If you’ve walked past it you’ve probably not really had any idea what’s going on in there. And if you’ve been brave enough to venture in, you’ve probably come out none-the-wiser.

It actually boasts Britain’s, if not Europe or the World’s largest collection of folk vinyl. Put simply there is a LOT here. It doesn’t seem to be in any order, so you will really need to root around if you’re looking for something in particular. There’s incredibly rare stuff here too, I’m not exactly in the know about this kind of thing, but you would hope a £100 record is £100 for a good reason.

On the other end of the spectrum, the clothes are amazing value. You’ll find mountains of t-shirts for £5. Or even £1 in some of the baskets. You’ll find random bits of clothing in the window that you could probably even haggle on the price of. You’ll also find random bits of whatever from all over the place floating around.

This isn’t the first time the owner, Chris Brick, has owned a shop of course. Oh no, far from it. Go in and ask if you want more details, honestly it’s really worth the chat. According to Chris, every 7-10 years he thinks up a new random idea, always based around a certain theme, and goes with it. He’s taken his shops to the US, notably in New York and San Francisco, but now, in what he thinks will be his last venture, he’s back in his homeland of Wales for Folk Farm.

Anyone familiar with his past might know of his previous ventures, Demob in London, Smylon Nylon in New York, Center for the Dull, also in New York and Teenage Millionnaire in LA. If you’re not familiar, now is a good time to get acquainted with the latest project. But even they weren’t his first ventures, he tells me, in his Welsh-American lilt that his initial business projects all collapsed, losing hundreds of thousands in the process. But he always picked himself up, dusted himself off, and got on with the next one. Until people started to cotton on and the shops became successful, a bit weird, a bit different, somewhere people just want to hang out.

He lives up by Abergavenny, the surrounding counties being the places he sources his crazy collection of goods from.  He tells me a lot of things in the shop are designed to evoke memories in customers. The tin bath for example, which you’ll find hanging off the ceiling as you come in the door (of course), reminds him of fireside baths as child.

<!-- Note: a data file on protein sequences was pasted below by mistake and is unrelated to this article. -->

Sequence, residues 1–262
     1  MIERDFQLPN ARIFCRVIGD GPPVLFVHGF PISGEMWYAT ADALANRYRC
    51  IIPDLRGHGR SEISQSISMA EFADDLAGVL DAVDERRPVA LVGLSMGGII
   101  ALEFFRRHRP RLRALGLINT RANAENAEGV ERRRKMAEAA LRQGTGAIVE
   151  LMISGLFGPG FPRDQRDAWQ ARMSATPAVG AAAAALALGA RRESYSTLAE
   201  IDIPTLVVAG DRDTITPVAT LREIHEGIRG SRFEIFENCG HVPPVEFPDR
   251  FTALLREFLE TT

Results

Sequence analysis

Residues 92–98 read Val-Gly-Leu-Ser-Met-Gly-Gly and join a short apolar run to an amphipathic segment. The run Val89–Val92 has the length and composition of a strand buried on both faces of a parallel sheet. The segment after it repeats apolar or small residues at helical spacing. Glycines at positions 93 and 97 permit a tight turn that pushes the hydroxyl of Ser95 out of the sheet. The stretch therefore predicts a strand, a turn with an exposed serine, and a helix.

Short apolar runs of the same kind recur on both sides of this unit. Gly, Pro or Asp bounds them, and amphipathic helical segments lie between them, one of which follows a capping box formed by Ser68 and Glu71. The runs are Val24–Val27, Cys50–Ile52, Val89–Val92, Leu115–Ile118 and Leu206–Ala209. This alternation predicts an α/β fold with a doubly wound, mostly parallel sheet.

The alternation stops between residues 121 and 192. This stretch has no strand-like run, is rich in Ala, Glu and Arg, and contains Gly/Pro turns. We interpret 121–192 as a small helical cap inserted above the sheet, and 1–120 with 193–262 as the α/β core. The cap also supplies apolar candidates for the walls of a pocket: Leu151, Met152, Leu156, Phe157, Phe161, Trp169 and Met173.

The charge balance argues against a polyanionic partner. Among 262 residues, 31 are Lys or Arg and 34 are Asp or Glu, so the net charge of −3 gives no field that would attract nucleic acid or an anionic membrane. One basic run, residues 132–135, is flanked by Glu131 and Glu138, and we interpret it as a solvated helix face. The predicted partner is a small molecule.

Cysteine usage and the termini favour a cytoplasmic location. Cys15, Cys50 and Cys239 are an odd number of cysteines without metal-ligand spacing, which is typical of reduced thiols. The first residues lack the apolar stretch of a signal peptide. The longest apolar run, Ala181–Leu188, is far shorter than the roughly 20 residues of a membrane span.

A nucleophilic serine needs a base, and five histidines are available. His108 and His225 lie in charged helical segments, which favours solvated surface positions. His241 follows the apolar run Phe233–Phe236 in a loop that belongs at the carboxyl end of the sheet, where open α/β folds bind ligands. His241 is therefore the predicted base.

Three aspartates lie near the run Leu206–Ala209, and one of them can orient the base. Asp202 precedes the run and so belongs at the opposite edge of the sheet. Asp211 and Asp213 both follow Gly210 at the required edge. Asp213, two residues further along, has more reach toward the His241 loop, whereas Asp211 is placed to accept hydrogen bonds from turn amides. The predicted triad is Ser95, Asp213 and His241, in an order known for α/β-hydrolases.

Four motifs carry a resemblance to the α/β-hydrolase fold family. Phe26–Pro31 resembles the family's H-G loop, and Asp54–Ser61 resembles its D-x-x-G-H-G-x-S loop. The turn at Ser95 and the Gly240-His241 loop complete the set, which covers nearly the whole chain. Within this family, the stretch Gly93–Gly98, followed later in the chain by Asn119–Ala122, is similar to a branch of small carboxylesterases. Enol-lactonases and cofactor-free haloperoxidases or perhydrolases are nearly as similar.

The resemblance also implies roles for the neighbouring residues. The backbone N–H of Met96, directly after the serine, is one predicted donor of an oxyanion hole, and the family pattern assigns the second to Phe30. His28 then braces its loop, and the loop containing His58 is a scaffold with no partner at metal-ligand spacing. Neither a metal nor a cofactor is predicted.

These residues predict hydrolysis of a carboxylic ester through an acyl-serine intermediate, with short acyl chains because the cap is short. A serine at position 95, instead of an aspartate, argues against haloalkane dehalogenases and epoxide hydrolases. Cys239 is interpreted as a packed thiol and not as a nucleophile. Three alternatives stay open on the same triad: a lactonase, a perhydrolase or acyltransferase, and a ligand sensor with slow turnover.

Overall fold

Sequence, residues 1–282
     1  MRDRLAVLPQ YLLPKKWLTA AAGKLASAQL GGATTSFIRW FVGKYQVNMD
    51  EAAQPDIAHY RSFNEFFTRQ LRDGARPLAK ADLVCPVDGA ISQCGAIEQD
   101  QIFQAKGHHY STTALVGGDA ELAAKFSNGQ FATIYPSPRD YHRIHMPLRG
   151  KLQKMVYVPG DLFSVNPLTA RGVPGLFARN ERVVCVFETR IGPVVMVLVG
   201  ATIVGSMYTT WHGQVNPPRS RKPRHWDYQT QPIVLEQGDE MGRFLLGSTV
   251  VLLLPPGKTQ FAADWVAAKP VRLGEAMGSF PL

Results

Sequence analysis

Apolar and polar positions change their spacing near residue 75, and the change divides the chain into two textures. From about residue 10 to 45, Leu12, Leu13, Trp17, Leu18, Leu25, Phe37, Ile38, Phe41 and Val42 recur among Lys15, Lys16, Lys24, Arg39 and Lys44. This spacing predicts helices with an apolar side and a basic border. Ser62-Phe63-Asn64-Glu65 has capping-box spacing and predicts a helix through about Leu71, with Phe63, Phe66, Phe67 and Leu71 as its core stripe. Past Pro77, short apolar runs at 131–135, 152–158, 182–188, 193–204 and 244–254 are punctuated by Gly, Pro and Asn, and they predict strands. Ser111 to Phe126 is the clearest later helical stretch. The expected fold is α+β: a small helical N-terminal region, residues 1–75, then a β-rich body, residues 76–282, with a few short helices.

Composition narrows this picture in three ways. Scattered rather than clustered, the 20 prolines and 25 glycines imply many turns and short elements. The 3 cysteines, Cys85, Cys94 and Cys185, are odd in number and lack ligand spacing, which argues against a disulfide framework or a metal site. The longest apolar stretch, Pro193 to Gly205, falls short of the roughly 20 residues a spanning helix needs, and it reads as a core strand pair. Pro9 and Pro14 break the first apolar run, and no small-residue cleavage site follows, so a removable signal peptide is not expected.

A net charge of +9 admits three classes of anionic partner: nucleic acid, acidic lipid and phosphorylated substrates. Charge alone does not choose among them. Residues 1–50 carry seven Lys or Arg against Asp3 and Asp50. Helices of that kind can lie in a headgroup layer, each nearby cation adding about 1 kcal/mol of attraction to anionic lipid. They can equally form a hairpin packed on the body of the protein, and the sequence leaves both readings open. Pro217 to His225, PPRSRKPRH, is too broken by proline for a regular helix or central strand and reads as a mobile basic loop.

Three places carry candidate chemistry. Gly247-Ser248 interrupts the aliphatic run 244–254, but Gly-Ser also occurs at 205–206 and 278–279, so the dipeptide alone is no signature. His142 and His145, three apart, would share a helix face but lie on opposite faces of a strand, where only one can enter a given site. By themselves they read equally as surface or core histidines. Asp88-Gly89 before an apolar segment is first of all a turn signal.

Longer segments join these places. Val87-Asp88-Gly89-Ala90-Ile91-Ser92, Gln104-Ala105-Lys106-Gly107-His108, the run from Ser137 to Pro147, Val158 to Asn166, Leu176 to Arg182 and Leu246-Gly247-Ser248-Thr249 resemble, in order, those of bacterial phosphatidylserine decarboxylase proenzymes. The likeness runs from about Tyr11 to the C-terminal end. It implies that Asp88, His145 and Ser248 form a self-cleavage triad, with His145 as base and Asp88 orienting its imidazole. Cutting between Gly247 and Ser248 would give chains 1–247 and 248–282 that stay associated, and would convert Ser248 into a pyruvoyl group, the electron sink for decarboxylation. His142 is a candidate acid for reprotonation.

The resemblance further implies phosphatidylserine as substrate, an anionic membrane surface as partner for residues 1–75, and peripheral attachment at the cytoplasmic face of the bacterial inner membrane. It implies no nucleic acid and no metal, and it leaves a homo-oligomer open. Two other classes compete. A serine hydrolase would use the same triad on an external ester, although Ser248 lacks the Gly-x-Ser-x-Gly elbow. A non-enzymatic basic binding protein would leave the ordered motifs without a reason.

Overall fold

Unbelievably, Chris says that not that many people have come to photograph the shop before for the press and so on. What?! I ask, probably 10 times during the course of our 2 hour chat. This can’t be possible. Why wouldn’t people want to photograph this? This is the most incredible place I’ve been in for a long time. Stand on one spot in the store and you can take 50, no 100 pictures and they will all be completely different. Honestly, try it out for yourself. Chris won’t mind, he just goes with the flow.

After leaving the States behind to come back, New York was the hardest market to crack apparently, Chris is less bothered about making money these days, so long as there’s enough to pay the rent and the bills and get by. This is clearly just about him doing what he wants to do and not worrying about what anyone else thinks – the best way to be.

His children, having grown up in America had to swap Malibu for the Welsh Valleys, love it all. They probably get their attitude from their father – it’s only his wife who would rather be back Stateside (on a rainy day would you blame her?).

You’ll see that I’ve taken a lot of portraits of Chris – all his idea. What can I say other than this guy’s a natural in front of the camera. He says he picked it up from watching the film extras that used to visit his American shops, but it’s obvious this isn’t the first time he’s been photographed. He asked to see one of the photographs I’d taken. “Look how old and fat I look!” he remarked. “Uh-oh…” went through my mind. “Isn’t it great!” was his next sentence.

Chris Brick and Folk Farm. Incredible guy, incredible shop. Go and check it out, now.

As you can imagine, I took hundreds of photos in this shop, of which I narrowed it down significantly. You can see a selection in this post, but there’s even more over on this Flickr set.

On this post, comments are, more than welcome, please share your thoughts, notes and insanity at the bottom.